The South Florida Water Management District this week issued two administrative complaints and orders for corrective action to protect the Grassy Waters Preserve, located in central Palm Beach County.
Water quality issues there were brought to light by the City of West Palm Beach during a Division of Administrative Hearings trial challenging the extension of State Road 7.
The administrative complaint addresses the surface water management system located adjacent to Grassy Waters, which consists of two parts. The first section contains a series of lakes operated by the Northern Palm Beach County Improvement District in the Ibis community. The second portion of the system is a 364-acre area known as the Ibis Preserve that is permitted to retain water onsite. This second area is owned by the City of West Palm Beach. Water flows from the Ibis lakes into the Ibis Preserve before entering the Grassy Waters Preserve.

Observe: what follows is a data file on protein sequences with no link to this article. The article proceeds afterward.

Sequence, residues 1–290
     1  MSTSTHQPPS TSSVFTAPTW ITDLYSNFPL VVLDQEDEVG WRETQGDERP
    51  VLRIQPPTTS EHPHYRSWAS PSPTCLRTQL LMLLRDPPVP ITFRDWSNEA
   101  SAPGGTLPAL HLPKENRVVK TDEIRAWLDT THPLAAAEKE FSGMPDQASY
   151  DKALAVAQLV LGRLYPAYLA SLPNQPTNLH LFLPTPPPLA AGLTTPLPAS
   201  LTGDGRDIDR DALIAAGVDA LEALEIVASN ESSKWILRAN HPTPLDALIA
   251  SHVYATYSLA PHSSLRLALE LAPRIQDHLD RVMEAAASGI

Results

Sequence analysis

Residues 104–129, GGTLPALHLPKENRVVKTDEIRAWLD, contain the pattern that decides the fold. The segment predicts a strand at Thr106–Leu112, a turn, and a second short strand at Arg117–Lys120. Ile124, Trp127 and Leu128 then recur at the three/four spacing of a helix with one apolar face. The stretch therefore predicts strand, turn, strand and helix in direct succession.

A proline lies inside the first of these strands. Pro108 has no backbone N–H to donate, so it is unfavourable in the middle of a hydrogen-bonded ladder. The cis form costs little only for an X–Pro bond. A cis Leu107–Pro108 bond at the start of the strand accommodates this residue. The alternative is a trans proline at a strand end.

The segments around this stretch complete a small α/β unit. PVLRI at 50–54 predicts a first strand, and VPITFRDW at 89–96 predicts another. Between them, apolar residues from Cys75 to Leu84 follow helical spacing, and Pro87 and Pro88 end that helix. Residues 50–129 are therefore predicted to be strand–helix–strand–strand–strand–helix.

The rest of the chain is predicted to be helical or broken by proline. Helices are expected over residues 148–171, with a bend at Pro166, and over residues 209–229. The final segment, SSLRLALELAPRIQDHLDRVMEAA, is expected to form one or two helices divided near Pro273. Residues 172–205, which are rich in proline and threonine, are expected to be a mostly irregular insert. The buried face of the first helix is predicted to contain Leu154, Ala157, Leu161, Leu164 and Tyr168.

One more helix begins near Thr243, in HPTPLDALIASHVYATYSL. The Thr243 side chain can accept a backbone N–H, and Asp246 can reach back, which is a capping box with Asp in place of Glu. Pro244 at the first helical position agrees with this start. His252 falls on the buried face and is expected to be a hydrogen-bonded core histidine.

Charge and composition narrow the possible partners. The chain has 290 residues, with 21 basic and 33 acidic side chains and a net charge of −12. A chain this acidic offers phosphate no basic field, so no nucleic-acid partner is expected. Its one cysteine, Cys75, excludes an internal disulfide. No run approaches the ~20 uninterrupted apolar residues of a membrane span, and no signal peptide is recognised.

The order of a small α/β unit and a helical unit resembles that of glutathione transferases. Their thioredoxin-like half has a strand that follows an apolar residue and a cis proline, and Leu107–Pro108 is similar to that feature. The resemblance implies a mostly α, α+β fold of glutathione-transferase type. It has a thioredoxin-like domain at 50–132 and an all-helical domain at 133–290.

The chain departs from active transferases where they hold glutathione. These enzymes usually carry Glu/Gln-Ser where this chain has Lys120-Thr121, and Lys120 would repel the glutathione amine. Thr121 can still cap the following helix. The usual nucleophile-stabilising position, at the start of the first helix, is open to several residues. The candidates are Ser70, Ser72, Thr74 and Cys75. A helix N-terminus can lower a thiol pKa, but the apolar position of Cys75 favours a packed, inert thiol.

According to the city, an accumulation of sediment in stormwater lakes in the Ibis community is causing excess nutrients such as phosphorus to flow into the Ibis retention area. These nutrients are not being effectively removed in the second part of the system owned by the city. The excess nutrients in turn are contributing to the growth of nuisance vegetation in the area where water is discharged from the city’s property into Grassy Waters Preserve.
During the hearing, the city presented evidence that the sediment and nutrient problem was caused by lack of routine maintenance in the Ibis community lakes, an issue that was previously unknown.
The Northern Palm Beach County Improvement District’s permit requires it to perform routine maintenance of the lakes. The administrative law judge suggested that the SFWMD take appropriate action to correct these issues.
The administrative complaints and orders for corrective action mean that the Northern Palm Beach County Improvement District and the City of West Palm Beach must develop and implement plans to correct these deficiencies.